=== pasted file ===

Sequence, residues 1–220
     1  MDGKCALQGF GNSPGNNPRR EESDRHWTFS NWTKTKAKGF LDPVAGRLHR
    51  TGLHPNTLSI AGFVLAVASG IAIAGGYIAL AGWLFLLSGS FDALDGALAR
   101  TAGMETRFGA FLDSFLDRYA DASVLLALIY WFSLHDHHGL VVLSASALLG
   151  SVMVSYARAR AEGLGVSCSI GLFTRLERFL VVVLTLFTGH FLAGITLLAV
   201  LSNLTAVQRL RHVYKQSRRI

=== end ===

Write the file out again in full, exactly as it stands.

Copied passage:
Sequence, residues 1–220
     1  MDGKCALQGF GNSPGNNPRR EESDRHWTFS NWTKTKAKGF LDPVAGRLHR
    51  TGLHPNTLSI AGFVLAVASG IAIAGGYIAL AGWLFLLSGS FDALDGALAR
   101  TAGMETRFGA FLDSFLDRYA DASVLLALIY WFSLHDHHGL VVLSASALLG
   151  SVMVSYARAR AEGLGVSCSI GLFTRLERFL VVVLTLFTGH FLAGITLLAV
   201  LSNLTAVQRL RHVYKQSRRI